Maxineau v. City of New York et al

Filing 28

MEMORANDUM AND ORDER. Maxineau lacks standing to pursue a§ 1988 claim, as well as § 1983 claims arising under the Fourth, Fifth, and Eighth Amendments. The City's motion to dismiss these claims for lack of standing is g ranted. Maxineau has standing to assert a § 1983 claim against the City under the Fourteenth Amendment, but may not recover damages based on the repossession of his vehicle by Sovereign. The City's motion to dismiss this count is denied except with regard to damages based on repossession of the Nissan by Sovereign. Ordered by Judge Eric N. Vitaliano on 6/6/2013. C/M. (Siegfried, Evan)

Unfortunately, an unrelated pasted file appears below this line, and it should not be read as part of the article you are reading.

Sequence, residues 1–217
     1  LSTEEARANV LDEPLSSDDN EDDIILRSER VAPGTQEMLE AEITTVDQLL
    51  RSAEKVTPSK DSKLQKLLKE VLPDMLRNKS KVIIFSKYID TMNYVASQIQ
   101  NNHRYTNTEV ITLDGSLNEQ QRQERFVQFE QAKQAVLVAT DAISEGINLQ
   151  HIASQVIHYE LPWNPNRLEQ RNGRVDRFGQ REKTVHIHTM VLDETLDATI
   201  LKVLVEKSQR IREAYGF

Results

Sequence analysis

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UNITED STATES DISTRICT COURT EASTERN DISTRICT OF NEW YORK ----------------------------------------------------------------------- )( BRUNEL MAXINEAU, Plaintiff, MEMORANDUM AND ORDER -against11-CV-02657-ENV-LB THE CITY OF NEW YORK. Defendant. ------------------------------------------------------------------------)( VITALIANO, D.J. On April 11, 2011, pro se plaintiff Brunei Ma)(ineau brought this action against the City of New York ("the City") asserting causes of action arising under 42 U.S.C. § 1983. Ma)(ineau seeks damages for what he claims was an unlawful seizure of his vehicle, which the City confiscated for use as evidence in a criminal case against Ma)(ineau. Currently before the Court is the City's motion to dismiss under Federal Rule 12(b)(l) for lack of subject matter jurisdiction. The City contends that Ma)(ineau lacks standing to assert his claims. For the reasons that follow, the City's motion is granted in part and denied in part. Background The following facts are drawn from the pleadings, briefs, and attached e)(hibits. 1 "In resolving a motion to dismiss for lack of subject matter jurisdiction under Rule 12(b)(1) a district court may consider evidence outside the pleadings." Morrison v. Nat'/ Australia Bank Ltd., 547 F.3d 167, 170 (2d Cir. 2008). On February 22, 2008, officers of the New York City Police Department ("NYPD") arrested Maxineau on charges, among others, ofthe kidnapping and rape of a 16-year-old girl. (See Def.'s Mem. (Dkt. No. 24) at 2; MacFarlane Dec!. (Dkt. No. 25), Exh. A). At the time of the arrest, Maxineau's vehicle-a 2007 Nissan Frontier ("the Nissan")-was undergoing repair work at City Auto Body of Valley Stream ("the shop"). (See Compl. (Dkt. No. I) '1[2; Def.'s Mem. at 2). Employees at the shop surrendered the Nissan to NYPD officers on or about the same date as the arrest; ostensibly, the officers sought possession of the vehicle for use as evidence in the criminal prosecution of plaintiff. (See Compl. '1[2; Def.'s Mem. at 2; MacFarlane Dec!., Exh. EF). Maxineau now contends that the City violated his constitutional rights by seizing the Nissan without his consent or a warrant, and without having followed the legally prescribed procedures for seizing and returning private property. (See Campi. at '1['1[2, 6, 9, 11-12). Maxineau purchased the Nissan on September 27, 2007, when he entered into a retail installment contract ("the contract") with Sovereign Bank ("Sovereign") to finance the $22,152 payment price of the vehicle. (See Def. 's Mem. at 2; MacFarlane Dec!., Exh. B). Under the contract, Maxineau was required to make monthly payments to Sovereign, which retained a lien on the vehicle as well as a right to repossess it under various specified circumstances, including its seizure "by a third party ... because of the Vehicle's alleged or actual involvement in actual or alleged criminal or unlawful activity," or that "[a]ny amount owing under this Contract or any other amount [the purchaser] owe[ s] [Sovereign] now or in the future is not paid by the day it becomes due." (Def. 's Mem. at 2; MacFarlane Dec!., Exh. Bat Right to Demand Payment in Full Events No. I, 9; Exh. C). In spite of Sovereign's lien, Maxineau had acquired property rights in the Nissan on the day he purchased it. There was nothing remarkable about Maxineau's car deal. According to the relevant 2 account balance records, he made a $2000 down payment on November 7, 2007 as well as monthly payments of$400 from November 2007 through February 2008. (See MacFarlane Decl., Exh. G). He made no payments following his arrest on February 22, 2008. (See id). The record does not speak as to whether he remained at liberty or was detained during that period. After pleading guilty to first-degree rape, a judgment of conviction was entered against Maxineau on October 5, 2009. He is currently serving out a prison sentence at Coxsackie Correctional Facility in Coxsackie, New York. (See Def.'s Mem at 3 (citing People v Maxineau, 78 A.D.3d 732, 909 N.Y.S.2d 659 (2d Dep't 2010); Compl. ~ 4). On December 10, 2009, Sovereign's holding company, Santander, filed a notice of repossession for the Nissan with the Indiana Bureau of Motor Vehicles and acquired title on December 17, 2009. (MacFarlane Dec!., Exhs. H-1). The record is bare as to the specific event of default on which Santander moved to repossess. The City released the Nissan to Santander on or about February 23,2010. (ld, Exh. J). That same day or soon thereafter, a company identified as Drive Financial Services mailed Maxineau a notice informing him of the repossession and explaining that, within ten days, he could reinstate the contract by paying a total of $10,854.56, or redeem full ownership rights by paying $23,647.67. (!d., Exh. K). Maxineau appears not to have either reinstated the contract or redeemed full ownership rights. (See Compl. at~ 8 (stating that plaintiff "believes that his chattal [sic] is un-redeemable")). Plaintiff filed this prose action on April!!, 2011 in the United States District Court for the Southern District of New York naming as defendants the City and the shop. (See Compl. ~~ 1-7). The complaint asserted that "[t]his action arises under the Eight and Fourteenth Amendments to the United States Constitution and under 42 U.S.C. §§ 1983 and 1988 and under 3 New York State common Jaw." 2 It also references the Fifth Amendment and (implicitly through accusations ofNYPD's warrantless seizure of the Nissan) the Fourth Amendment. (!d.~~ 2, 8, 11). The case was transferred to this Court on May 31,2011 (see Transfer Order (Dkt. No.4)). The shop was dismissed from the case on July 15, 2011; as a private party, it was not a proper defendant to a§ 1983 action. (See Mem. and Order (Dkt. No. 8)). Standard of Review Prose pleadings such as Maxineau's complaint are held to less stringent standards than those drafted by attorneys, and the Court must read pro se complaints liberally and interpret them to raise the strongest arguments they suggest. See Erickson v. Pardus, 551 U.S. 89, 94 (2007); Ahlers v. Rabinowitz, 684 F.3d 53,60 (2d Cir. 2012). If a liberal reading of the pleadings indicates that a valid claim might be stated, the court must grant leave to amend it. See Cuoco v. Moritsugu, 222 F.3d 99, 112 (2d Cir. 2000). The Court must be particularly solicitous when reviewing a complaint that alleges civil rights violations, as Maxineau's does. See Sealed Plaintiffv. Sealed Defendant #1, 537 F.3d 185, 191 (2d Cir. 2008). Nonetheless, a plaintiff must show that he has standing to sue on his claims for a federal court to have subject matter jurisdiction over them. See Mahon v. Ticor Title Ins. Co., 683 F.3d 59,62 (2d Cir. 2012). "'[T]he irreducible constitutional minimum of standing' derives from Article III, Section 2 of the U.S. Constitution, which limits federal judicial power to 'cases' and 'controversies."' Natural Res. Def Council, Inc. v. US. Food and Drug Admin, 710 F.3d 71, 79 2 Maxineau does not specify what causes of action under New York State common Jaw he wishes to assert. In any event, there is no record that Maxineau submitted aN. Y. Gen. Mun. Law § 50-e notice, which he must have done within 90 days to bring any state law claims against the City in federal court. See Hardy v. New York City Health & Hosp. Corp., 164 F.3d 789,793 (2d Cir. 1999). Hence, any claims against the City based on New York law are procedurally barred. 4 (2d Cir. 2013) (quoting U.S. Const. art. III,§ 2 and Lujan v. Deftnders ofWildlift, 504 U.S. 555, 560 (1992)). "[A] plaintiff must demonstrate standing for each claim he seeks to press." DaimlerChrysler Corp. v. Cuno, 547 U.S. 332, 352 (2006). The standing analysis is contextual, and must comply with the "manner and degree of evidence required at the successive stages of the litigation." Lujan, 504 U.S. at 561. Additionally, because this case is at the pleading stage, "general factual allegations of injury resulting from the defendant's conduct may suffice," id., and the Court may look outside the pleadings to determine whether standing exists. Morrison, 547 F.3d at 170. Additionally, since defendant is moving to dismiss, the facts alleged by plaintiff in his pleadings must be taken as true. Lujan, 504 U.S. at 561. As taught in Lujan, Article III standing consists of three elements. First, plaintiff must have suffered an "injury in fact"-that is, an invasion of a legally protected interest which is concrete and particularized, as well as an injury that is "actual or imminent" rather than "conjectural or hypothetical." Id. at 560 (internal quotations omitted). Second, "there must be a causal connection between the injury and the conduct complained of-the injury has to be fairly traceable to the challenged action of the defendant, and not [be] the result of independent action of some third party not before the court." !d. (internal quotations and ellipses omitted). Third, "it must be likely, as opposed to merely speculative, that the injury will be redressed by a favorable decision." Id. (internal quotations omitted). Discussion A. 42 U.S.C. § 1988 As a preliminary matter, the Court observes sua sponte that 42 U.S.C. § 1988 does not establish a separate cause of action for an alleged violation of a plaintiff's civil rights, but merely provides a means for a prevailing party to recover reasonable attorney's fees in a§ 1983 action. 5 See 42 U.S.C. § 1988(b). In any event, the Supreme Court has instructed that this statute does not apply to pro se litigants, even when they prevail on the merits of their § 1983 claim. See Kay v. Ehrler, 499 U.S. 432, 437-38 (1991). Accordingly, it provides Maxineau no basis for jurisdiction or relief in this case. B. 42 U.S.C. § 1983 "Section 1983 provides a civil claim for damages against any person who, acting under color of state law, deprives another of a right, privilege or immunity secured by the Constitution or the laws ofthe United States." Sykes v. James, 13 F.3d 515,519 (2d Cir. 1993). Courts have interpreted the word "person" in this context to include municipalities such as the City if the plaintiff can show "(I) actions taken under color of law; (2) deprivation of a constitutional or statutory right; (3) causation; (4) damages; and (5) that an official policy of the municipality caused the constitutional injury." Roe v. City of Waterbury, 542 F.3d 31,36 (2d Cir. 2008) (citing Monell v. Dep 't of Social Servs., 436 U.S. 658, 690-91 (1978)). See also Roe, 542 F.3d at 36 ("[M]unicipalliability under § 1983 attaches where-and only where-a deliberate choice to follow a course of action is made from among various alternatives by the official or officials responsible for establishing final policy with respect to the subject matter in question."). Under Monell, an actionable municipal policy or custom exists in the following circumstances: (I) the existence of a formal policy which is officially endorsed by the municipality; (2) actions taken or decisions made by municipal officials with final decision making authority, which caused the alleged violation of plaintiffs civil rights; (3) a practice so persistent and widespread that it constitutes a custom of which constructive knowledge can be implied on the part of the policymaking officials; or (4) a failure by policymakers to properly train or supervise their subordinates, amounting to 'deliberate indifference' to the rights of those who come in contact with the municipal employees. Bliven v. Hunt, 478 F.Supp.2d 332, 336-37 (E.D.N.Y. 2007) (citing Moray v. City of Yonkers, 6 924 F.Supp. 8, 12 (S.D.N.Y. 1996)). Notably, if a plaintiff seeks to show municipal policy by referring to only a single act, that act must have been committed by a city official "responsible for establishing final policy with respect to the subject matter in question," and must represent a deliberate and considered choice among competing alternatives. Pembaur v. City of Cincinnati, 475 U.S. 469,483-84 (1986). If the plaintiff challenges what he claims is an unofficial custom or practice of the city, he must show that the practice "so widespread as to have the force oflaw." Id (quoting Bd ofCnty. Comm 'rs, 520 U.S. at 404). The custom "need not [have] receive[ d) formal approval by the appropriate decision-maker ... [but] plaintiff must prove ... that [it] is permanent." Davis v. City ofNew York, 228 F.Supp.2d 327, 337 (S.D.N.Y. 2002) (internal citations omitted). Consequently, ifMaxineau's lawsuit is to bear fruit, it must take root in the fertile soil of § 1983, Monell, and its progeny. The Court will consider each seed that plaintiff might arguably sow. i. Fourth Amendment In several places throughout his complaint, Maxineau asserts that NYPD seized the Nissan from him "absent [his] consent ... or a warrant." (Compl. ~ 2). The City objects to any Fourth Amendment claim alleged to arise from NYPD's taking possession of the Nissan at the repair shop. It argues that "plaintiffs vehicle was not seized-the body shop plaintiff left his vehicle with released the vehicle to NYPD." (Def.'s Reply (Dkt. No. 26) at 2) (emphasis in original). Given voluntary surrender ofthe car by the shop, the City presses the view that it did not cause any legally cognizable injury to Maxineau supporting a Fourth Amendment claim. The veil of voluntary surrender shielding the City is immodestly thin. The Supreme Court has instructed that a seizure of property occurs whenever a government entity "meaningful[ly] 7 interfere[s] with an individual's possessory interests in that property." Soldal v. Cook Cnty., 506 U.S. 56, 61 (1992). When, for law enforcement purposes, police officers acquire private property from a third party to whom it has been entrusted, they have meaningfully interfered with the primary party's possessory interest in the property. See US. v. Jacobsen, 466 U.S. 109, 120, 120 n.18 (1984), (DEA agents that confiscated parcels from Federal Express "seized" the property by "exert[ing] dominion and control over the package for their own purposes");Cardwe/1 v. Lewis, 417 U.S. 583 (1974) (police's removal of a car from a commercial parking lot and subsequent impoundment was a "seizure" under the Fourth Amendment). Here, it is of no moment that the shop "released" the Nissan to NYPD; the police exerted dominion and control over the vehicle and interfered with Maxineau's possessory right to it. Plainly, the officers "seized" the vehicle within the meaning of that term as used in the Fourth Amendment. 3 However, even ifMaxineau has articulated a cognizable claim arising out ofNYPD's seizure of his Nissan from the shop, he has not demonstrated a causal chain linking the claimed loss to the City. Assuming, arguendo, that the officers' warrantless seizure of the vehicle was unreasonable, Maxineau has pleaded no facts whatsoever suggesting that their improper actions were the result of any City policy, either official or unofficial, or that the City was grossly negligent in its training and supervising its officers with regard to property seizures. Nor has he pleaded facts indicating that high-ranking policymakers were responsible in any way for the 3 While the "third party consent" doctrine permits a third party in some circumstances to consent to a search or seizure on behalf of the primary party, that doctrine relies upon the "mutual use of the property by persons generally having joint access or control for most purposes, so that it is reasonable to recognize that any of the co-inhabitants has the right to permit the [search or seizure] and that the others have assumed [that] risk." US. v. Matlock, 415 U.S. 164, 171 n.7 (1974). The shop did not share with Maxineau "joint access or control" over the Nissan "for most purposes." As a result, this doctrine is inapplicable. 8 seizure. There is simply no basis under Monell to link the City to the allegedly improper seizure of the vehicle. Accordingly, there is no causation under Lujan's second prong, and Maxineau lacks standing to pursue a Fourth Amendment claim under § 1983. ii. Fifth Amendment The Fifth Amendment provides an assortment of protections against government intrusions in both a civil and criminal context. Maxineau does not specify which aspects of the Fifth Amendment he seeks to assert in his § 1983 claim; with solicitude, the Court can identify only two that might have any relevance to his stated grievances: the prohibition of "depriv[ations] oflife, liberty, or property, without due process oflaw," and the proscription against government "takings" of"private property ... for public use, without just compensation." U.S. Const. amend. V. However, neither ofthese protections applies to Maxineau's claims, and he lacks standing to assert them under§ 1983. First, "[t]he Fifth Amendment's Due Process Clause protects citizens against only federal government actors, not State officials." Mitchell v. Home, 377 F.Supp.2d 361, 372 (S.D.N.Y. 2005) (citing Dusenbery v. US., 534 U.S. 161, 167 (2002)). Consequently, with no federal involvement in this matter, Maxineau has asserted no cognizable wrong under the Fifth Amendment's due process clause; all of his complaints are directed at officials operating with state authority. The takings clause, on the other hand, does apply to state actors through the Fourteenth Amendment. See Palazzolo v. Rhode Island, 533 U.S. 606, 611 (2001). 4 However the case law makes clear that a government's seizure of private property under a power other than 4 Similarly, the protections provided by the Fourth and Eight Amendments are incorporated into the Fourteenth Amendment's Due Process Clause and thus apply to state actors. See Bailey v. US., 133 S.Ct. 1031, 1038 (2013); Kennedy v. Louisiana, 554 u.s. 407,419 (2008). 9 that of eminent domain does not require compensation·, nor does it implicate the Fifth Amendment. See, e.g., Bennis v. Michigan, 516 U.S. 442,452 (1996) ("The government may not be required to compensate an owner for property which it has already lawfully acquired under the exercise of governmental authority other than the power of eminent domain."); Acadia Technology, Inc. v. U.S., 458 F.3d 1327, 1331 (Fed. Cir. 2006) (government seizure of property as evidence in a criminal proceeding or as the suspected instrumentality in a crime does not constitute a taking for Fifth Amendment purposes); AmeriSource Corp. v. U.S., 525 F.3d 1149, 1153 (Fed. Cir. 2008) ("Property seized and retained pursuant to the police power is not taken for a 'public use' in the context of the Takings Clause."). Certainly, it is beyond dispute that the seizure of the Nissan by NYPD did not result from the exercise the power of eminent domain by the City. Rather, the officers impounded the vehicle for use as evidence in the criminal case against its owner. It is equally clear that the seizure of property for use as evidence in a criminal matter is a valid exercise of a state's police power. See Ford Motor Credit Co. v. NY. C. Police Dept., 503 F.3d 186, 188 (2d Cir. 2007) ("If the City also wishes to retain the vehicle as 'arrest evidence' or 'trial evidence' pending conclusion of a criminal proceeding, it may do so.") (internal citations omitted). See also id. ("[l]t is clear that the police power encompasses the government's ability to seize and retain property to be used as evidence in a criminal prosecution.") (citing Warden v. Hayden, 387 U.S. 294,309-10 (1967)). Even ifMaxineau alleges that NYPD failed to provide him with adequate post-deprivation process following seizure of his vehicle, there is no doubt that the seizure itself was an exercise of the City's power to seize probative evidence for use in criminal proceedings. As such, putting aside the Fifth Amendment's inapplicability to nonfederal actions, there was no . taking, nor was there any pre-impoundment process required before accepting the repair shop's 10 surrender of the vehicle. Maxineau therefore lacks standing to assert a Fifth Amendment claim under§ 1983. 5 iii. Eighth Amendment The Eighth Amendment mandates that "( e]xcessive bail shall not be required, nor excessive fines imposed, nor cruel and unusual punishments inflicted." U.S. Const. amend. VII. Maxineau indicates in his complaint that the City violated the Eighth Amendment by seizing the Nissan without gaining his consent and/or providing him with notice and other procedural protections. To implicate the Eighth Amendment, the challenged action must have been taken for the purpose of imposing a punishment. See, e.g., Rhodes v. Chapman, 452 U.S. 337,348 (1981) (double ceiling of prisoners "simply [is] not punishment[]," and, as a result, does not run afoul of the Eighth Amendment); Santelises v. Immigration and Naturalization Serv., 491 F.2d 1254, 1255-56 (2d Cir. 1974) ("It is settled that deportation, being a civil procedure, is not punishment and the cruel and unusual punishment clause of the Eighth Amendment accordingly is not applicable."); Ford Motor Credit Co. v. N.Y. C. Police Dept., 394 F.Supp.2d 600,618 (S.D.N.Y. 2005) ("Because plaintiff has failed to set forth any evidence suggesting that the 10% deduction is punitive in nature, it is not susceptible to Eighth Amendment analysis."). There are no facts in the record suggesting-and Maxineau certainly does not contend-that the NYPD officers confiscated the Nissan in order to punish him. Indeed, there seems to be no substantial dispute that the vehicle was removed from the shop as evidence to be used in connection with the criminal case against Maxineau. Such a purpose is hardly punitive in nature. 5 The due process clause of the Fourteenth Amendment is treated separately at part IV, infra. The issue of post-deprivation process is discussed in that section. Some courts have held that the Fifth Amendment does apply in such a context, even to a state-level official's activities. See, e.g., McClendon v. Rosetti, 460 F.2d 111, 116 (2d Cir. 1972). Substantively, the analyses are the same. 11 With no showing of punitive intent on the part of a law enforcement official, there is no Eighth Amendment injury. Nor, then, is there standing to assert and Eighth Amendment claim under§ 1983. iv. Fourteenth Amendment Maxineau also brings a Fourteenth Amendment claim against the City. The amendment prohibits "State[ s] ... [from] depriv[ing] any person oflife, liberty, or property, without due process of law." U.S. Const. amend. VII. Maxineau charges that NYPD failed to provide him with proper notice of the seizure of the Nissan, offered him no information "about where and how to retrieve" the vehicle, and failed to comply with or give notice of other legally required "proceedings." (Compl. ~~5-7; Pl.'s Opp. Mem. (Dkt. No. 22) at 1). He further contends that the City's failure represents a decades-long pattern of"routine and systematic deprivation of arrested defendants/plaintiffs [sic] property without Notice or commencement of proceedings allowing lawful forfeiture." (Compl. ~ 8 (citing McClendon v. Rosetti, 369 F.Supp. 1391 (S.D.N.Y. 1974); see also Compl. ~ 2 (referring to the "oft-recurring pattern of deprivation of chattel by the City of New York absent Notice for the return ofthe same")). Maxineau attributes this "routine" practice to the City, which "promulgates and implements policies, including those with respect to giving Notice for the return of property seized as a resort of arrest incident," and "is responsible for the appointment, training, supervision, and conduct of its personnel" with regard to these actions. (Compl. ~ 5). In sum, while his pleadings are not entirely clear on this point, plaintiff does indicate that he seeks as relief a measure of damages equaling $23,64 7.67, the redemption value of the Nissan demanded by Sovereign (via Drive Financial Services) following its repossession of the vehicle from the City. (!d. ~.13). The City concedes that "plaintiff was arguably entitled to ... notice and a hearing 12 regarding the Nissan's continued seizure," (Def.'s Mem. at 5 (citing Ezagui v. NYC, 726 F. Supp. 2d 275, 281 (S.D.N.Y. 2010)), but claims that Maxineau lacks standing to assert a Fourteenth Amendment claim because "he had no right in the Nissan as of the moment it was converted into arrest evidence." (Def.'s Mem. at 5). The City cites the clause in Maxineau's contract with Sovereign that granted the bank the right to repossess the Nissan in the event that it was seized as evidence in an alleged criminal activity. (!d.) The City submits that, "following the seizure of the Nissan, Sovereign's interest in the Nissan extinguished any interest plaintiff might have had in it. To the extent process was due upon seizure, it was due to Sovereign." (!d.). The City further asserts that, with regard to the $23,647.67 redemption price, he "cannot demonstrate that the City's failure to provide [him] with notice or a hearing regarding the Nissan's seizure and retention discharged his financial obligations to Sovereign .... Plaintiff's loss of title is a direct result of plaintiffs failure to make payments on his car loan." (!d. at 6). The City is correct that Sovereign's repossession of the Nissan was not the City's doing. Maxineau's obligation to pay Sovereign monthly installments on the vehicle is entirely unrelated to the City's seizure of it. Regardless of whether he was given proper notice, hearing rights, or other procedural protections as to any interference by the City with his rights in the Nissan, Maxineau was still required to honor the contract between Sovereign and himself; the fact that he no longer had possession of the automobile during the time it was in police or prosecutors' possession had no bearing on his installment payment obligations. Indeed, he needed no notice from the City of his obligation to make these payments. He was neither entitled to such notice, nor does he allege any fact to suggest that the City hindered his ability in any way to arrange for these payments to be made. Although Maxineau asserts that "[his] family could have made payments or arrangement 13 to take possess [sic] of plaintiff [sic] properties if only Plaintiff were informed or received any Notice his properties," (Pl.'s Opp. Mem. at 1), thisjumb1e of grievances merely underscores (but does not repair) the chink in his armor. Again, Maxineau lost rights in the Nissan because he failed to pay for it. He makes no showing that the City prevented him or anyone designated by him from doing so. Maxineau cannot show a causal link between the City's actions, on the one hand, and, on the other hand, either his missed car payments or his failure to reinstate the financing agreement or outright redeem the vehicle when those opportunities were offered to him. Accordingly, he lacks standing to seek damages related to the repossession of the Nissan by Sovereign, or more precisely, Santander, its parent. 6 There is, however, a chink in the City's armor, too. The City founds its argument on the proposition that Maxineau lost all possessory right to the Nissan once it was seized as evidence in the criminal case against him. This is incorrect. First, the contract does not state that vehicle title automatically reverts to Sovereign in the event of the car's seizure in connection with a criminal proceeding. Rather, the clause merely pennits Sovereign to "require that the entire balance of [the purchaser's]loan be paid at once, without prior notice or demand," in the event of its seizure by a third-party on account of its actual or suspected use in criminal activity. (MacFarlane Decl., Exh. B at 2). The City is therefore wrong to contend that Maxineau automatically lost all possessory interest in the Nissan at the moment NYPD confiscated the vehicle from the shop. As the record demonstrates, Sovereign did not seek to repossess the vehicle until December 10, 2009, and did not acquire title until December 17 of that year, approximately 22 months after NYPD's seizure of the vehicle. (MacFarlane Decl., Exhs. H-1). But even if title to the Nissan had reverted directly to Sovereign upon seizure by NYPD, 6 For the ease offactua1 discussion, the Court will refer only to Sovereign and not Santander 14 Maxineau would still have retained a property interest in the vehicle, if not contractually, at least for due process purposes. The due process protection afforded by the Fourteenth Amendment safeguards not only the rights of undisputed owners, but also the rights of those with "any significant property interest." Fuentes v. Shevin, 407 U.S. 67, 86 (1972) (holding that, for the purposes of the Fourteenth Amendment, plaintiffs had a property interest in household goods bought under an installment sales contract, even though they lacked title to the goods). The Second Circuit has held that a plaintiff who has purchased a vehicle through an installment plan may retain a property right in the vehicle if he has made substantial payments on the agreement. See, e.g., Alexandre v. Cortes, 140 F.3d 406,411 (2d Cir. 1998) (holding that a plaintiff who lacked title to a Porsche nonetheless had a property interest in it, having paid approximately $2,100 of a $3,400 loan); Barrett v. Harwood, 189 F.3d 297,301 (2d Cir.1999) (plaintiffs who had paid off approximately $5-6000 of an $11,000 loan retained a property interest in a truck); see also Pangburn v. Culbertson, 200 F.3d 65, 70 (2d Cir. 1999) (reversing district court and citing Fuentes, Alexandre, and Barrett in holding that a lack of title ownership does not necessarily defeat a plaintiff's property interest in a vehicle). At the time the Nissan was seized by NYPD, Maxineau had already made a down payment of $2,000 on it and had made four monthly installment payments of $400-a total of $3,600. (Macfarlane Dec!. Ex. G). While it only amounts to some 16% of the vehicle's $22,152 purchase price, as an absolute value, $3,600 is a significant investment, and exceeds the $2,100 the plaintiff in Alexandre had paid on his Porsche. Furthermore, even after Sovereign reacquired title to the Nissan, Maxineau received notice from Drive Financial Services that, by paying certain specified fees, he could either reinstate the contract or reacquire full title to the vehicle. (MacFarlane Dec!., Exhs. K). One of the factors the Alexndre court noted in its decision was that 15 "[t]he agreement also appears to have afforded Alexandre the right to redeem the car if it was repossessed." 140 F.3d at 410. In light of this record, the Court concludes on this record that Maxineau had enough equity in the Nissan to have a property interest in the vehicle under the Fourteenth Amendment. Assuming the truth of his claim that he did not receive notice ofNYPD's seizure of the vehicle, Maxineau has articulated a cognizable injury for the purposes of standing. In Krimstock v. Kelly (Krimstock !), 306 F.3d 40, 68-70 (2d Cir. 2002), the Second Circuit held that due process requires "that claimants be given a prompt post-seizure retention hearing, with adequate notice, for motor vehicles seized as instrumentalities of crime pursuant to N.Y.C.Code § 14140(b)," such that claimants have "opportunity to test the probable validity of the City's deprivation of their vehicles pendente lite, including probable cause for the initial warrantless seizure." The court subsequently ruled that, in the case of a vehicle seized as arrest evidence only, where the government does not seek its forfeiture as an instrumentality in a crime, due process requires "review by a neutral fact-finder of a prosecutor's decision to retain a vehicle as potential evidence." Krimstock v. Kelly (Krimstock II), 464 F.3d 246, 249 (2d Cir. 2006). On remand, the district court spelled out specific procedures that are required after police seize an automobile for use as trial evidence (but not with an eye toward forfeiture as an instrumentality of a crime). In these circumstances, the prosecutor may approach ex parte a judge of the court where the criminal matter is pending for a retention. Krimstock v. Kelly (Krimstock Ill), 506 F.Supp.2d 249, 254 (S.D.N.Y. 2007). The prosecutor "must affirm that there are reasons for the retention, what they are, and that they relate to the contested issue in the underlying criminal proceeding," and "must affirm that no other means besides impoundment ... will suffice to preserve the evidentiary value of the vehicle." ld Claimants may then demand a copy 16 of the order and may, within 30 days of service, request a hearing 7 "wherein they may move to vacate or amend the retention order via a challenge to the legitimacy or necessity of the continued retention of the vehicle as evidence." Id at 256. If the judge vacates the retention order, law enforcement must release the vehicle within 30 days "unless continued impoundment is otherwise authorized by law." Id As best deciphered from the record here, NYPD apparently seized the Nissan as arrest evidence only, not as an instrumentality of a crime. Although Maxineau allegedly used the vehicle in furtherance of a crime to which he later pleaded guilty, nothing in the record indicates that NYPD sought forfeiture of the vehicle as criminal instrumentality; on the contrary, it eventually released the vehicle to Sovereign. Yet Maxineau claims-and the City does not dispute-he never received proper notice of the seizure or opportunity for pre-trial hearing before a neutral factfinder to challenge the prosecutor's decision to retain the vehicle as arrest evidence. Nor is any record provided that the prosecutors in his cause sought a retention order ex parte from a judge after providing the required affirmations. Under the Krimstock line of cases, due process entitles Maxineau to these safeguards, and he has stated a proper injury under the Fourteenth Amendment. A separate line of cases further describes the procedural injury that Maxineau claims to have suffered. In 1972, the Second Circuit held that the ordinance governing the return of property seized as evidence, N.Y. Admin. Code§ 14-140, was "unconstitutional ... as violative 7 This hearing would not be a full-dress adversarial hearing," with the "full panoply of adversary safeguards," i.e., "counsel, confrontation, cross-examination, and compulsory process for witnesses." Krimstock III, 506 F.Supp.2d at 256 (quoting Gerstein v. Pugh, 420 U.S. 103, 119 (1975)). What is overridingly significant, though, is that the Fourteenth Amendment affords claimants at least "some opportunity to be heard" after their car is impounded as arrest evidence, hence the court's ruling that claimants may request a hearing to challenge the retention order within 30 days after service of the retention order on the claimant. Krimstock III, 506 F.Supp.2d at 256. 17 of the due process clauses of the fifth and fourteenth amendments." See McClendon, 460 F .2d at 116. Subsequent litigation would bring harmony and clarity to the field. Judge Morris Lasker entered an order in a case pending before him that provided a detailed prescription of procedures governing the seizure and return of non-contraband property in connection with an arrest ("the Lasker Order"). See Butler v. Castro, 896 F.2d 698, 700-02 (2d Cir. 1990) (describing the Lasker Order). Among other things, the Lasker Order requires the City to provide potential claimants (including arrestees) with a voucher notifying them of the seized property and methods for eventual recovery. See id. at 701 n.l. Consequently, since Maxineau has alleged that he received no such notice or voucher, and since the City does not dispute its failure to do so, plaintiff has therefore properly alleged an injury for standing purposes. What remains of the City's challenge to jurisdiction centers on plaintiffs obligation to state a causal connection between this and an identifiable act or omission by the City itself. That is, to establish standing, Maxineau must satisfy the requirements of Monell and demonstrate that his injury resulted from an official policy, practice, or custom of the City. He has done so. McClendon held that the City lacked adequate policies to ensure due process was afforded to those whose property was confiscated for law enforcement purposes; the Lakser Order sought to rectify this City-wide failure. Butler later held that the City had neglected to implement the procedures specified in the Lasker Order, in contravention of McClendon, and subsequent cases made clear that the City's ongoing failure to amend its administrative code per the Lasker Order opened the door for Monell claims. See, e.g., Frith v. City ofNew York, No. 07CV-5899 (JSR)(DF), 2011 WL 3477083, at *5 (S.D.N.Y. July 7, 2011), report and recommendation adopted, 2011 WL 3478141 (S.D.N.Y. Aug. 8, 2011); Palacio v. NYC, 489 F.Supp.2d 335, 340-42 (S.D.N.Y. 2007). Because Maxineau has alleged an injury that flows 18 from a plausibly pleaded unconstitutional policy or practice by the City, he has shown causation for standing purposes. Finally, Maxineau satisfies the test for redressability. Because he alleges constitutional violations, a successful outcome in litigation would entitled him to, at the very least, nominal damages. See, e.g., Robinson v. Cattaraugus County, 14 7 F .3d 153, 162 (2d Cir. 1998) ("If a jury finds that a constitutional violation has been proven but that the plaintiff has not shown injury sufficient to warrant an award of compensatory damages, the plaintiff is entitled to an award of at least nominal damages as a matter oflaw."). This is sufficient availability of redress for the purposes of Article III standing. See, e.g., Irish Lesbian and Gay Org. v. Giuliani, 143 F.3d 638, 651 (2d Cir. 1998) (plaintiff had standing to sue under § 1983 due to the possibility of nominal damages); Suss v. Am. Soc. for Prevention ofCruelty to Animals, 823 F.Supp. 181, 191 (S.D.N.Y. 1993) (prospect of recovering nominal damages was "sufficient to support standing of the plaintiff to sue in this case even if significant amounts cannot be recovered"). Accordingly, because he has shown injury, causation, and redressability, Maxineau has standing to assert his 14'h Amendment claim under§ 1983. The City's motion to dismiss this count is denied. Conclusion For the foregoing reasons, Maxineau lacks standing to pursue a§ 1988 claim, as well as § 1983 claims arising under the Fourth, Fifth, and Eighth Amendments. The City's motion to dismiss these claims for lack of standing is granted. Maxineau has standing to assert a § 1983 claim against the City under the Fourteenth Amendment, but may not recover damages based on the repossession of his vehicle by Sovereign. The City's motion to dismiss this count is denied except with regard to damages based on repossession of the Nissan by Sovereign. The parties are directed to contact Magistrate Judge Lois Bloom to arrange for the swift 19 • completion of discovery and the resolution of other issues relating to the pretrial management of this case. So ordered. s/ ENV ERIC N. VITALIANO United States District Judge Dated: Brooklyn, New York June 6, 2013 20